Now, turning the page to 2024, Mike Hazen had to decide how to go about constructing the roster to defend the National League pennant. Building on our strengths of contact and base running would certainly have been defensible. After all, building a team that can slug at the top of league rankings can get expensive; not the best idea for a team with a somewhat limited payroll capacity. It seems silly to try and beat the Dodgers and Rangers at their own game, they can just outbid us for the very best home run hitters. On the other hand, the most proven way to success in this league, and anecdotally how the Diamondbacks found their greatest success in 2023, is to hit the long ball. Looking at the marquee additions to our 2024 offense, it certainly seems like Hazen has decided to add some thump instead of doubling down on speed.

In 2024, Eugenio Suarez will get the lion’s share of plate appearances that last year went to Josh Rojas, Emmanuel Rivera, and Evan Longoria. The latter trio accounted for over 730 plate appearances, but only hit 15 home runs. Suarez had nearly as many plate appearances as that trio (694) and hit 22 home runs. Not an earth-shattering amount more, but still more. Joc Pederson will be replacing Tommy Pham and Pavin Smith’s plate appearances. That duo combined for 445 plate appearances and hit 13 home runs. Pederson hit 15 home runs in 425 trips to the plate. Again not a huge increase, but an increase all the same. I should also note that Joc is moving from a lefty-killer park in San Francisco (25th per Statcast LHB Park Factors) to Chase Field where lefties aren’t as penalized (13th). Likewise, Geno Suarez is moving from the marine layer in Seattle (30th RHB Park Factors) to the friendlier confines of the desert air (15th) and should see a little bit of a bump to his production.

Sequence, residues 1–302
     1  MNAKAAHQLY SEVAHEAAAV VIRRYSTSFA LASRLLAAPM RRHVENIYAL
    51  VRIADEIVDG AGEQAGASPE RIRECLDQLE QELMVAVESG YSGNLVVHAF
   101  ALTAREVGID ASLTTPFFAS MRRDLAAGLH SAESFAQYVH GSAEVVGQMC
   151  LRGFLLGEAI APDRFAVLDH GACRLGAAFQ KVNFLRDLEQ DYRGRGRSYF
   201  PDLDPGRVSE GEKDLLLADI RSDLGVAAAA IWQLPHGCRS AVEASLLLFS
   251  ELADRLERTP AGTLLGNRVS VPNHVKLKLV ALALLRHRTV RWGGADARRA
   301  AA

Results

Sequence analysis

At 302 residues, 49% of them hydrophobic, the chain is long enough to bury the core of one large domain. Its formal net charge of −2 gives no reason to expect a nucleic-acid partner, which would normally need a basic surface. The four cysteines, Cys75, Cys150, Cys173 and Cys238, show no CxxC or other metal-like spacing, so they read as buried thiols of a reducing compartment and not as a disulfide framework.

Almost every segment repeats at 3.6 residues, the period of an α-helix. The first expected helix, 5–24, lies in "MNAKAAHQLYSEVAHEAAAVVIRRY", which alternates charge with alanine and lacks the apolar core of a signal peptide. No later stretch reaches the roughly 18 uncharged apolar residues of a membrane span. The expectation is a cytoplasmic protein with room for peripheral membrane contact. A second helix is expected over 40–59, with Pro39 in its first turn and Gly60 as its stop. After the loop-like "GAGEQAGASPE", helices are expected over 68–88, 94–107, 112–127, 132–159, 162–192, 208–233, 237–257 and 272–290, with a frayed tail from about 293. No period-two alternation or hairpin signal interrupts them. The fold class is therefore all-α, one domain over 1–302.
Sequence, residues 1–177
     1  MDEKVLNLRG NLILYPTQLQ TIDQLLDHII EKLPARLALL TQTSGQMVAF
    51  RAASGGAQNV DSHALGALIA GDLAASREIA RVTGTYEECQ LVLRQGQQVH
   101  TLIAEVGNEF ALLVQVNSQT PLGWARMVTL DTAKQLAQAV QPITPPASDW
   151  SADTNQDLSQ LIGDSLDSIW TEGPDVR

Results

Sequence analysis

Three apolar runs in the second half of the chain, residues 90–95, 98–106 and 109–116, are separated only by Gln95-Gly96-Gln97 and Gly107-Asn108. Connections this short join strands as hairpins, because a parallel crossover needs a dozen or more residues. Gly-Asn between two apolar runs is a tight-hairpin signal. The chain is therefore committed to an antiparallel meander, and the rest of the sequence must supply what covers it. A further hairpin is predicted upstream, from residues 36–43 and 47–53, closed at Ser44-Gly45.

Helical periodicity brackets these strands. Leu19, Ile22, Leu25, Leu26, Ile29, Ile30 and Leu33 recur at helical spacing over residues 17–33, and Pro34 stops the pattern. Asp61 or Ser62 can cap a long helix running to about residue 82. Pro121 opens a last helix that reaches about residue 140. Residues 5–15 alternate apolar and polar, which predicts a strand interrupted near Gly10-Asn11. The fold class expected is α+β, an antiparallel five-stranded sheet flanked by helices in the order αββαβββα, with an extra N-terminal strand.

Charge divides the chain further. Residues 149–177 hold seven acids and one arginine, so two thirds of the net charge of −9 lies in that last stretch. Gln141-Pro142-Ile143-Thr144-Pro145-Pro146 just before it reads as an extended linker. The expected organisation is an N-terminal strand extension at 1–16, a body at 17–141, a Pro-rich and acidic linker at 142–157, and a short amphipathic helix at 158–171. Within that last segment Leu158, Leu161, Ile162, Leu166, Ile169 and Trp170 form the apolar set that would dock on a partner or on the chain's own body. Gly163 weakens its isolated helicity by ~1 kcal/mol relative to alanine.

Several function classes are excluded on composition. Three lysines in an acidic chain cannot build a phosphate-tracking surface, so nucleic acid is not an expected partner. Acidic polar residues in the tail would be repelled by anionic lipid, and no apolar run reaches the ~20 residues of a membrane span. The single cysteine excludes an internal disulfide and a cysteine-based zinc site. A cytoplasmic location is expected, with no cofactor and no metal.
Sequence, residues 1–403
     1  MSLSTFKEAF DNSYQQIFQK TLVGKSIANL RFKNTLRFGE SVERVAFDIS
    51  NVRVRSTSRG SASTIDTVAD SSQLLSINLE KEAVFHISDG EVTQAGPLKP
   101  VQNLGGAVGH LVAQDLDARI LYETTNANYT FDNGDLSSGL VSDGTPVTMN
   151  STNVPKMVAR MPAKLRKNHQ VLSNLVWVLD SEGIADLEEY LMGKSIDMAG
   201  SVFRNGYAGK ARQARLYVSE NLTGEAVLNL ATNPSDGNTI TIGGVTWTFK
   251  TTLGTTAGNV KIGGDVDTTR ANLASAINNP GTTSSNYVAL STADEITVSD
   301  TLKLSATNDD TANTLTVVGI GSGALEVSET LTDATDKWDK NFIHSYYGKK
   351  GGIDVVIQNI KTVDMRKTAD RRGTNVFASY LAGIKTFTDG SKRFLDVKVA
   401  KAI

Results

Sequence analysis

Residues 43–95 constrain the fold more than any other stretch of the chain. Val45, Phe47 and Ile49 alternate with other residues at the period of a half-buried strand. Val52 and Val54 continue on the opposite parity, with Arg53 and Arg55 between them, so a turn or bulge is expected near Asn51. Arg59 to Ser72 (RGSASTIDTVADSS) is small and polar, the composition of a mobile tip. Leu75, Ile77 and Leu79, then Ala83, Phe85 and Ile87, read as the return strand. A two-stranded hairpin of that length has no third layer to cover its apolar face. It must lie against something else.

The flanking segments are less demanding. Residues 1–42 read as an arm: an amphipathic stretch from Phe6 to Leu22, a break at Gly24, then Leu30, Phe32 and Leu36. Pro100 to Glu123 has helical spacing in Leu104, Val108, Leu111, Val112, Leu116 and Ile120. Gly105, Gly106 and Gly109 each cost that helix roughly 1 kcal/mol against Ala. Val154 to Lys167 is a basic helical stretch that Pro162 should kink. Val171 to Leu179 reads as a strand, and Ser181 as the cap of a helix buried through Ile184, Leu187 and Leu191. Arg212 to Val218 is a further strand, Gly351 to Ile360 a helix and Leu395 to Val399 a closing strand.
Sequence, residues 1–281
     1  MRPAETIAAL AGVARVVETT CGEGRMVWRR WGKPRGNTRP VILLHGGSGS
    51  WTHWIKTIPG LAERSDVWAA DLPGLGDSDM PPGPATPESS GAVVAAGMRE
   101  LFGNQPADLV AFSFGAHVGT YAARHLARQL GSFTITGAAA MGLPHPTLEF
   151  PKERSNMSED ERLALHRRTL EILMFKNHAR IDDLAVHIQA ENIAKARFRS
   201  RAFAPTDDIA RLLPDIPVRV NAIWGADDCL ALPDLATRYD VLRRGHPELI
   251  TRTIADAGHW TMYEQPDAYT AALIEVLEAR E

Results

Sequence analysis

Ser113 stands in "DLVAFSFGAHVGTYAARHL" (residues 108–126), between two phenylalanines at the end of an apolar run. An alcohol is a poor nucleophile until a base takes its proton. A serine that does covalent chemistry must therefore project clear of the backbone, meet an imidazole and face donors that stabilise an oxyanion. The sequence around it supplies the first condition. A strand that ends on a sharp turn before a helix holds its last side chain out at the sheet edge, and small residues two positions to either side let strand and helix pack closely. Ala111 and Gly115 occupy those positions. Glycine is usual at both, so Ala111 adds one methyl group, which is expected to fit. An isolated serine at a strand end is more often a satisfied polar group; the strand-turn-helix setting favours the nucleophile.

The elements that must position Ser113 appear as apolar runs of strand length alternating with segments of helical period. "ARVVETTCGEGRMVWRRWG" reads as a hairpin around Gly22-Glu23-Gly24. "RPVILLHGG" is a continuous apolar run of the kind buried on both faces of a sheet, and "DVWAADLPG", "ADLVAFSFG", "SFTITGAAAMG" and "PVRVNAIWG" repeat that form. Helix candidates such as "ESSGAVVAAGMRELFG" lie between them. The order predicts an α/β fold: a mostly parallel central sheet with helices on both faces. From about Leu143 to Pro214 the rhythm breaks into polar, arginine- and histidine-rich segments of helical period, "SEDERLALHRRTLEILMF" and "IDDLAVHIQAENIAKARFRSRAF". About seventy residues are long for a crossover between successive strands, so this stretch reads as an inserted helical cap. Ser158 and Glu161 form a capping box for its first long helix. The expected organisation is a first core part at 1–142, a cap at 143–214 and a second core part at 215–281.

We should always take projections for what they are, guesses of the median output of a given player in the coming year. That said, 2024 looks to be a slightly better year for the long ball in Arizona. Per Fangraphs' Depth Charts projections, the DBacks are expected to hit 182 bombs next season, an increase of 16 on 2023's total. The newest DBacks are expected to hit 42 combined homers (22 for Geno and 20 for Joc).